SATs trigger calendar change

By Pat Sunderland

The SAT, the state's college entrance exam, will be administered for free in every school April 11 -- right in the middle of Delta County's spring break. That's pushing the district's 11th graders into the makeup date on Tuesday, April 25.

Although they can opt to take the SAT (or the ACT) on their own, there's a charge and students would likely have to drive to another venue.

The same scenario is shaping up for 10th graders taking the PSAT 10, which has replaced the state's Colorado Measures of Academic Success (CMAS) tests for 10th grade students in English language arts and math.

To avoid a similar scenario in 2017-18, the school board last week approved a calendar modification that moves the April break to the third week of the month -- April 16-20, 2018.

Juniors across the state are taking the SAT for the first time this spring. According to the Colorado Department of Education, the switch to SAT from the ACT occurred after legislation passed in 2015 that required the state to seek competitive bids for a new 10th grade exam and aligned 11th grade college entrance exam.

This year's 11th graders had the opportunity to get ready for the SAT last year when they took the PSAT 10 exam.

Through a partnership between the College Board, which develops the SAT suite of assessments, and the Khan Academy, students could choose to receive free, personalized SAT study plans tailored to the strengths and weaknesses identified from their PSAT 10 results.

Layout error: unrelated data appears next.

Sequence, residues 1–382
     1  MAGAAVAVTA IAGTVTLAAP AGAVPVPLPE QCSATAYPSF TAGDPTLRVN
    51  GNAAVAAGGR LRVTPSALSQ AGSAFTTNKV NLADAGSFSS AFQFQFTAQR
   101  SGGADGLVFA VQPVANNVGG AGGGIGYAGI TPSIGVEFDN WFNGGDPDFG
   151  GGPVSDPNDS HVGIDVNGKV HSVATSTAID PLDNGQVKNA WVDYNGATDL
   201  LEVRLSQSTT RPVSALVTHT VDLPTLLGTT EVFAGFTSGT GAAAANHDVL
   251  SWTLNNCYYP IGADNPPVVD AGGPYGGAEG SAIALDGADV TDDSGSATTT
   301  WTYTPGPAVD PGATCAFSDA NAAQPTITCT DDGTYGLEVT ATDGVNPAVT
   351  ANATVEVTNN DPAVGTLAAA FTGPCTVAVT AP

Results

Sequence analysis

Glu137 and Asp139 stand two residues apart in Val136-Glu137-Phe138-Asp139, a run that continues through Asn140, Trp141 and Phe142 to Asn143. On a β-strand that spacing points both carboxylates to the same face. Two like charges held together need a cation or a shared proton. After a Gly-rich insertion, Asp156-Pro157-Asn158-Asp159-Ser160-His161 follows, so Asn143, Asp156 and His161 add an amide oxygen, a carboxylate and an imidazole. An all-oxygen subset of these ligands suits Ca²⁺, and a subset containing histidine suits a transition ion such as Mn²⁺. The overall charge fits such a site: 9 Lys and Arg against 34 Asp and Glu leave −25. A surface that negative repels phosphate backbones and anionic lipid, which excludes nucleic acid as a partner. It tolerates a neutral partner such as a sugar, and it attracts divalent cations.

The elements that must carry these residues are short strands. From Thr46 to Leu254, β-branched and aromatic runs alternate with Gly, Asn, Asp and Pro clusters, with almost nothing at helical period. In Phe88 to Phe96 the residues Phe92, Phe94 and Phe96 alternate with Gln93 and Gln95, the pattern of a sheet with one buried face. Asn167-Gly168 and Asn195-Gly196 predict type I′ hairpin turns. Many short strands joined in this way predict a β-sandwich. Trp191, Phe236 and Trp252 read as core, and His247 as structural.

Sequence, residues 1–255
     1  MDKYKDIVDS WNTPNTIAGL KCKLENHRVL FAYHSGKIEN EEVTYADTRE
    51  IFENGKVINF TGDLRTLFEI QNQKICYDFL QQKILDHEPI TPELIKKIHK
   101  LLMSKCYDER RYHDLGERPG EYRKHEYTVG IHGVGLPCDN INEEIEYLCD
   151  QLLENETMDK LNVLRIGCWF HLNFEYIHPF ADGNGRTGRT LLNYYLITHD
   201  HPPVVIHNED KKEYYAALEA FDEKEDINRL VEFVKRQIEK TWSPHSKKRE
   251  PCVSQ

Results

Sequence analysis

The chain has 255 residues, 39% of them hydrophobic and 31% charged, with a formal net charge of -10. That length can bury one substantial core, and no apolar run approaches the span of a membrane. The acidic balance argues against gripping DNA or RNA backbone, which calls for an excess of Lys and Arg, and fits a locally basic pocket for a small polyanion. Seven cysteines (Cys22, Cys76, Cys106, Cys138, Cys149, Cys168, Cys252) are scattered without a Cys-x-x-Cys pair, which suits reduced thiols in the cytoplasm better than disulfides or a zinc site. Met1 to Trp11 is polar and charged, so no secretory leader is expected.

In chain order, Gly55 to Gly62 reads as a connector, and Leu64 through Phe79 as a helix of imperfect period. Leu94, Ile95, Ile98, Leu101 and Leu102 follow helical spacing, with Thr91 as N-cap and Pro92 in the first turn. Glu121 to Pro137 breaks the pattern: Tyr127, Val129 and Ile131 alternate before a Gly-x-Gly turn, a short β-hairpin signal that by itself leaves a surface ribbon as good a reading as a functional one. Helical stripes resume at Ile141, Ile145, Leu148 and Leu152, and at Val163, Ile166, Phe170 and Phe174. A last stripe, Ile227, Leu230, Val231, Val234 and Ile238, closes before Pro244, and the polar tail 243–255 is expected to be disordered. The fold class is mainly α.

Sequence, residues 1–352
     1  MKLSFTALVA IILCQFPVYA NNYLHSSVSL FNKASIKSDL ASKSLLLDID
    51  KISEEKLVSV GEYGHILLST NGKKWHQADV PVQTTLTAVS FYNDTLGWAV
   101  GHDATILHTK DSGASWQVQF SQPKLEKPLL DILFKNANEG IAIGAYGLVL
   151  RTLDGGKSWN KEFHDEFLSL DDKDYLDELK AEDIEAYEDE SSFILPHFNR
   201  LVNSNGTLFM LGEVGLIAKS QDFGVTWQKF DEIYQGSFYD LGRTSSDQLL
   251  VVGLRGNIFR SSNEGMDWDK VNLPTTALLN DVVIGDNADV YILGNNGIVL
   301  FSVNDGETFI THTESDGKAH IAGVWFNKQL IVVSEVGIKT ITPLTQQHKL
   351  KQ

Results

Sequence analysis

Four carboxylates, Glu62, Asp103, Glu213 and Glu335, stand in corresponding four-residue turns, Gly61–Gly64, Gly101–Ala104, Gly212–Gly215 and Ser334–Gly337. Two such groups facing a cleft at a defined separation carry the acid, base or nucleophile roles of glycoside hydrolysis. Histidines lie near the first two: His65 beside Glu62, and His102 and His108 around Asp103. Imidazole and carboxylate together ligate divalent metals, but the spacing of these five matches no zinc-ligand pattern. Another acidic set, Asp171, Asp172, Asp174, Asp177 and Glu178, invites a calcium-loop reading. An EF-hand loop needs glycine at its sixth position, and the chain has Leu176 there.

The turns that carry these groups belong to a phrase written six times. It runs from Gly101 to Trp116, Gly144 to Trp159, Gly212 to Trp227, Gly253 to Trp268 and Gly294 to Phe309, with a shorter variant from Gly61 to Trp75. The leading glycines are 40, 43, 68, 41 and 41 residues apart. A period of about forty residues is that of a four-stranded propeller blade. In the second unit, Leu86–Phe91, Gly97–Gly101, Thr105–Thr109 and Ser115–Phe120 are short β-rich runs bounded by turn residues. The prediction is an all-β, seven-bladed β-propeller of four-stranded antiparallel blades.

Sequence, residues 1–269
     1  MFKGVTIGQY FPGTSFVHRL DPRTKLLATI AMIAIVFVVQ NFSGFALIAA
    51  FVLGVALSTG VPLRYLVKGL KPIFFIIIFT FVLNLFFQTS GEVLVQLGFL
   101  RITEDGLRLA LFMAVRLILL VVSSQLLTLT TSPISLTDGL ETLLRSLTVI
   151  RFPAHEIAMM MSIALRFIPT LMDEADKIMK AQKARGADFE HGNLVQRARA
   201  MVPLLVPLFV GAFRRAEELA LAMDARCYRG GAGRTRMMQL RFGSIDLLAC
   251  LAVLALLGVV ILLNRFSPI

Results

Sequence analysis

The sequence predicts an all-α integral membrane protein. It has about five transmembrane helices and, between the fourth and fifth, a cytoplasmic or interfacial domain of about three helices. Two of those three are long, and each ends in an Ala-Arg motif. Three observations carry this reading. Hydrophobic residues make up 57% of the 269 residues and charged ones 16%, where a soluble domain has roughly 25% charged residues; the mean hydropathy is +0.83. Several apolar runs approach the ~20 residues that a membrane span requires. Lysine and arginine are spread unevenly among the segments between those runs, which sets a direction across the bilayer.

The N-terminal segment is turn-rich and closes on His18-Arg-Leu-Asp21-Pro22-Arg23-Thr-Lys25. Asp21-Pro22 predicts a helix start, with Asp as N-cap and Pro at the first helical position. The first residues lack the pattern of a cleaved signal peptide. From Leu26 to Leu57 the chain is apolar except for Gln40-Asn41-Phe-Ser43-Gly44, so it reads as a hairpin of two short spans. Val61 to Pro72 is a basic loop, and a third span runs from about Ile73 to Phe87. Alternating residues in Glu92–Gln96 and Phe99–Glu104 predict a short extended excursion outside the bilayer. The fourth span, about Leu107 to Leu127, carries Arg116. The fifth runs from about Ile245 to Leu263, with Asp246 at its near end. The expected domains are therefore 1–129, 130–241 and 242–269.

In addition, teachers and principals are doing work within each high school to make sure students are ready for the SATs.

Kurt Clay, assistant superintendent for Delta County Joint School District #50, said representatives from the Colorado Department of Education and the Colorado Education Initiative were brought in for staff in-service days in

October. They reviewed the similarities and the differences between the two tests, and offered tips for classroom preparation.

"Overall, they're pretty similar," Clay said. "I would say the SAT is a little more thought-provoking. They're not looking for fact-driven answers that are black and white. I would also say the SAT aligns better with the state standards."

The results are meaningful for both the student and the school district. Accepted across the nation and by every public college in the state, the SAT measures what students are learning in high school and what they need to know to succeed in college and their careers.